As each year passes, Memorial Day is fast becoming one of my favorite days for pause, reflection, deep breathing and spiritual fulfillment. Just like last year, I am sitting in the garden writing this entry with my feet up enjoying the sites and sounds enveloping me. I have so much to do — beds need clearing, several plants are begging to be released from their small plastic cells so they may stretch their legs within the garden soil and the never ending list goes on. All these things weigh on my mind but I absolutely must sit, get this article done and really take time to be quiet. To accentuate the moment, I am listening to the beautiful music of Kristin Rule. Please click on the link and have a listen. It will add to your reading pleasure. I promise.
The dry winter, aphids, rabbits, hail, sudden heat spells but mostly lack of water. All have taken its toll on my garden paradise. What must be sheer spite, the garden is rebounding. Rather than wallow in all the things that aren’t as they should be, I shall celebrate instead.
In a large pot under the pergola, a lone columbine has thrived. Typically it is competing with the desert bluebells but this year none came up and this allowed the columbine to take over the pot.
Preface: I ordered these vintage (circa 1597) Irises from Old House Gardens in March of 2015. I tracked down these irises as they bring back some very special memories. It was very important that these bloom so I thought moving them would help — it did!
At the end of last season, I moved two large clumps of irises away from the house and planted them along the edge of the steps leading up to the top half of the garden. This is their third year in the garden and when the weather warmed this spring, the foliage took off just as it did last year — (but foliage was all I had last year hence one of the reasons for the relocation). Weeks went by, I saw no stalks forming. I feared that once again I would have no blooms.
One morning, during an atypical saunter, I nearly cried out with delight when I noticed those ever familiar little stalks forming off the sides of the leaves! Now, they are blooming and that aroma! If heaven had a fragrance, the scent of an iris would definitely be it. Just like Francis said in “Under the Tuscan Sun” — they smell of purple — a very delicate, delicious purply heaven!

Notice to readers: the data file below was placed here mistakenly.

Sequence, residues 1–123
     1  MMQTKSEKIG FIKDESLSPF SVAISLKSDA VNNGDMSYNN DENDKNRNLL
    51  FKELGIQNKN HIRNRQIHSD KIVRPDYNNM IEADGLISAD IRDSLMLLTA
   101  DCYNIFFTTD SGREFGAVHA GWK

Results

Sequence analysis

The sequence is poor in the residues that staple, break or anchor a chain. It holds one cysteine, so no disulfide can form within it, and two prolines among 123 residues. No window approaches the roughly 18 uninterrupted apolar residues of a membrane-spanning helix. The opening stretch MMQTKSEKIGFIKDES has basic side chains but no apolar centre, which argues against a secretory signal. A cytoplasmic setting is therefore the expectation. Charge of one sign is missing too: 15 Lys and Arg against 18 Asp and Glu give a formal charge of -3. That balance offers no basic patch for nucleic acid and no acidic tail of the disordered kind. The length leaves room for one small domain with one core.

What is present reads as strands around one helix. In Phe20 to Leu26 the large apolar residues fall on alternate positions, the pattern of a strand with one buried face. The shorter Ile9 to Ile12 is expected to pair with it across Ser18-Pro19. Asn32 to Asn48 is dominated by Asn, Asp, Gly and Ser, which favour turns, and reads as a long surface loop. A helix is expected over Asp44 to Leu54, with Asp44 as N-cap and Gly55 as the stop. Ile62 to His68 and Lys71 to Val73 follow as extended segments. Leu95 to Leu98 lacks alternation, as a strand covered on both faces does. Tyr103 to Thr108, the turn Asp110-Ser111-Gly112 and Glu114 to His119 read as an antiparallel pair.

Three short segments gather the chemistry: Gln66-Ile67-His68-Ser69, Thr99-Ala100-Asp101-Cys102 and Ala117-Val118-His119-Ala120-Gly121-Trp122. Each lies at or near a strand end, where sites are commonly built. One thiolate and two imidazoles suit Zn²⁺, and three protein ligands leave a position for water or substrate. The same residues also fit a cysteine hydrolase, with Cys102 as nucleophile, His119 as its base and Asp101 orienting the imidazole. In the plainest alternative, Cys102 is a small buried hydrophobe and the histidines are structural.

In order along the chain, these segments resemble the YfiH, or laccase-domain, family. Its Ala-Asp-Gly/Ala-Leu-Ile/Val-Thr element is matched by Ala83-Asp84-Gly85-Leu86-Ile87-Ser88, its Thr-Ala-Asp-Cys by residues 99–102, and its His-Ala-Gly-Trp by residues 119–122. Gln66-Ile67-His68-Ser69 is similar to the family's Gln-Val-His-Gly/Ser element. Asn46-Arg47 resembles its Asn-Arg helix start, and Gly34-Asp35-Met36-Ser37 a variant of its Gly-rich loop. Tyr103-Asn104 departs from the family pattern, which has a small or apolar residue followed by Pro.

I could keep going on and on about all the beauty that surrounds me now but I don’t want to take up too much of your time. 🙂 Before I close, I would like to share with you a little something I created about a month ago. I wanted to have a dedicated rose bed and I have been successful with that endeavor. When I was finished positioning my roses, I had a rather large patch that I ended up designating “to be determined”.
A month ago, I was staring at this space and weighing my options: A selection of miniature roses (they don’t really do too well in our climate), herbs or perhaps a selection of prairie flowers? I then realized what I absolutely must do. I tilled the soil so to disturb it to the point where it was very loose. I then gathered all my special poppy seed and scattered them all throughout the blank canvas. What an amazing blessing it is now to see them coming up. Soon, I will have a miniature field of them!
I have written about the Flanders poppy many times and I will reiterate that this is the one plant I will always grow. When those papery red flowers sway in the breeze, I am reminded of all I am thankful for and my countless blessings.
The poppies I grow year after year originated from a grave site in Flanders. It has been my goal to share the seeds I gather every year with all who want them. The ultimate goal being that this little red flower proudly sways in every garden around the world. Last year I sent some to my friend Gloria. She planted her seeds last autumn and has kindly shared her thoughts on why planting these flowers were important to her. I shall close with her words that beautifully encapsulate this day and the magic a bit of sentimentality can bring to the garden. Until next time, thank you so kindly for reading. Thank you to all those in our military who give so much every day selflessly so I may have a day like today.
My garden is many things to me but mainly a sacred place filled with plants shared from neighbor and friend, some specifically chosen plants which remind me daily to be grateful for those who touched my life with love and lessons. When I discovered my friend Ben had Flanders Poppies I knew they needed to be a part of my garden, and in asking, he generously harvested his seeds and mailed them to me. I sprinkled, covered, watered and wait with anticipation, while remembering those who paid with every breath, those young hearts, new to war. It is always the staring down of fear that brings freedom. Is that not reason enough to plant the little Flanders seeds, watch as they take the ground, stand honorably and remind me daily to be grateful, so very grateful.